A week in the Adirondacks taught me some important lessons in sustainable travel.
As a value focused traveler, how do you take your travel experiences to the next level without your spending habits following you there? There's an easy way to get incredible bang for your buck, no matter what your travel style may be, and that is through embracing sustainable travel.
Sustainable travel may conjure up visions of a bohemian nomad sleeping in a solar paneled yurt, chomping down on sprouts and kale. And some days that doesn't sound half bad! But you don't have to dress like a hippy or love the great outdoors to embrace sustainable travel and reap its many rewards. To me, it is simply supporting locations, activities, attractions, and businesses whose philosophies and practices balance ecological, economical, and community needs.
Doing so doesn't cost you any more than non-sustainable travel. In fact, it might save you money! But you won't just be feeling the benefits in your wallet. You'll feel it in your heart as well, as sustainable travel makes marvelous memories. Here's how I made some of mine in the Adirondacks region of New York.
Sustainable travel is... chatting with locals.
Any article of travel advice will suggest you chat with locals for an authentic travel experience. But how exactly do you do that? Cajole a passing letter carrier for information on what they're having for dinner? Supporting sustainable travel initiatives makes that process more natural and less awkward as they reflect a community's passions and best interests, making it easy for visitors to connect with local guides, volunteers, and societies.
While visiting Point au Roche State Park, just outside Plattsburgh, New York, I had the opportunity to hike and chat with Ken Adams, president of the Friends of Point au Roche society. Spending time with someone so dedicated to sustainable tourism meant I had a unique visit I never could have achieved on my own.
Ken pointed out so many things I would have missed, from the work of a woodpecker to a benign looking invasive plant. And we also had a chance to chat about regular things too, like what he did before he retired, his wife's volunteer work as a gardener, and local politics. Yep, it's that easy! Talking with a local! No weird forced interactions or awkward encounters, just a bit of discourse about things you both care about.
Sustainable travel is... thinking outside the box.
In order for sustainable travel projects to be a success, there must be a lot of 'outside the box' thinking and methodology. And in my experience, those kinds of moments are the kind of thing that enduring travel memories are made of. You can't ask for anything better as a value traveler than something unique that gives you great bang for your buck.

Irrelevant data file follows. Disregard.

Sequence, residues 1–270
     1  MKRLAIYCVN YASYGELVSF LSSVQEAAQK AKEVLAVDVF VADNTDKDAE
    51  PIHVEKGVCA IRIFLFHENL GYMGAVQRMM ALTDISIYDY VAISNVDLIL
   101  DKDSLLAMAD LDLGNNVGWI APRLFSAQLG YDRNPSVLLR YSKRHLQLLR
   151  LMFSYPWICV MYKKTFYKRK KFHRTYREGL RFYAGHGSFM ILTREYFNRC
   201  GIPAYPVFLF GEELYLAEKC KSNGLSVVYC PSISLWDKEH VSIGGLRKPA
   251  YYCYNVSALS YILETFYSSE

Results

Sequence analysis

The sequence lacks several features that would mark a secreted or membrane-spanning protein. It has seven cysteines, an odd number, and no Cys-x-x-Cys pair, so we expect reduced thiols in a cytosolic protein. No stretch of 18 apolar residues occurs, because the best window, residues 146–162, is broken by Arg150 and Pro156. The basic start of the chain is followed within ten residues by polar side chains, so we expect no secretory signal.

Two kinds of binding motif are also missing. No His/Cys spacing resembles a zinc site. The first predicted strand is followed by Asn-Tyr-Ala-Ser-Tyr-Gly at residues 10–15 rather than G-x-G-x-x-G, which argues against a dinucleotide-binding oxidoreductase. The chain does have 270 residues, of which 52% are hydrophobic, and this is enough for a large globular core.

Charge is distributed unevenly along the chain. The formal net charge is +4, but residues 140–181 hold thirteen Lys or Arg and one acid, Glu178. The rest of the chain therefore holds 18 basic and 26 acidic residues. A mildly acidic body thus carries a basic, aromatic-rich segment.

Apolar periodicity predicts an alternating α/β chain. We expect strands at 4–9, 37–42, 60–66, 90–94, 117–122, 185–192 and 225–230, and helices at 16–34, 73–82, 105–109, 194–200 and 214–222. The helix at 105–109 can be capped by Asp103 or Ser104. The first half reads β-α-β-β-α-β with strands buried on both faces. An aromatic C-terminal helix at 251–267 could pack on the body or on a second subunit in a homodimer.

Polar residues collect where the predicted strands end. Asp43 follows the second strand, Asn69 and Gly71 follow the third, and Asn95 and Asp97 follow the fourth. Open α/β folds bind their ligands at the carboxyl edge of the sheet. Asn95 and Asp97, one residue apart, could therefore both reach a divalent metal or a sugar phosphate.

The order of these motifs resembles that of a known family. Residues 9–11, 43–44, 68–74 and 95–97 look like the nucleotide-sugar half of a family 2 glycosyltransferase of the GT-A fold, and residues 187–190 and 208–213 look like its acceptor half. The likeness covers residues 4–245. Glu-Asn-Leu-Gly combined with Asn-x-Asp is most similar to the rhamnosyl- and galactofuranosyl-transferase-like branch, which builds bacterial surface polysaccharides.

One travel experience that qualified for me while in the Adirondacks was a visit to the Wild Walk at the Wild Center. Best described as a walk among the tree tops, the Wild Walk includes a bird feeding viewing area, a giant 'nest', and a huge spiderweb that's just aching for you to play on.
There are also rope and metal suspended bridges connecting the walk with a large artificial "snag" (a hollowed out, dead tree that serves as a wildlife habitat.) Oh, there's also an amazing natural playground consisting of massive tree roots and hollowed out logs! The Wild Walk is completely unlike any other museum you've ever visited and your admission fee goes a long, long way when you end up spending the entire day there.
Sustainable travel is...taking things to the next level.
Sustainable travel doesn't necessarily mean being outdoors all the time. You don't have to spend your days hiking in the woods and eating trail mix (though there is definitely nothing wrong if you do!) Real sustainable travel means taking a regular travel experience, like dining out, and elevating it to a whole new level through sustainable practices. Case in point: 1844 House Bistro.
The tasting menu created by Chef Brian Walker is as refined and sophisticated as any I've had. I absolutely loved the amuse bouche trio, which included one of the best falafels I've ever tasted. But that was just the start! The Thai summer roll, with a delectable spicy peanut sauce, was absolutely amazing. I am somewhat obsessed with peanut sauce and I could have feasted on nothing but the rolls and sauce all night!
A menu this sophisticated was successfully produced with local food and a sustainable philosophy. In fact, on 1844 House's main website, they have a page dedicated to their local suppliers and they even list their local partners for artwork, roasted coffee, and hand soap. LOVE IT! I'm also loving that they track how much money they've spent on buying products from local suppliers - it's amazing to see the relationship between the meal you eat and the farms it indirectly support. This is sustainable food at it's most cosmopolitan level, but don't worry if you're missing the great outdoors - you can get a taste of the campfire through the S'mores featuring homemade graham crackers, homemade roasted marshmallows, and dark chocolate pudding.
Sustainable travel... is a value minded traveler's best friend.
I learned a lot of lessons about sustainable travel during my week in the Adirondacks, the most important being that it goes hand in hand with value travel. The region changed my image of what sustainable travel can look like and now I want to support these ongoing initiatives not just because it's a good thing to do but also because it's a good thing for me. My travel money doesn't necessarily grow but my experiences absolutely do.
What does sustainable travel mean to you?
If you liked this post, you'll also enjoy:
The Anti-Adventurist Guide to the Adirondacks
Kim Rielly Shares Her Adirondacks Passion
Visiting New York City On Our Round The World Trip
My time in the Adirondacks was facilitated by the Regional Office of Sustainable Tourism and I thank them for their support.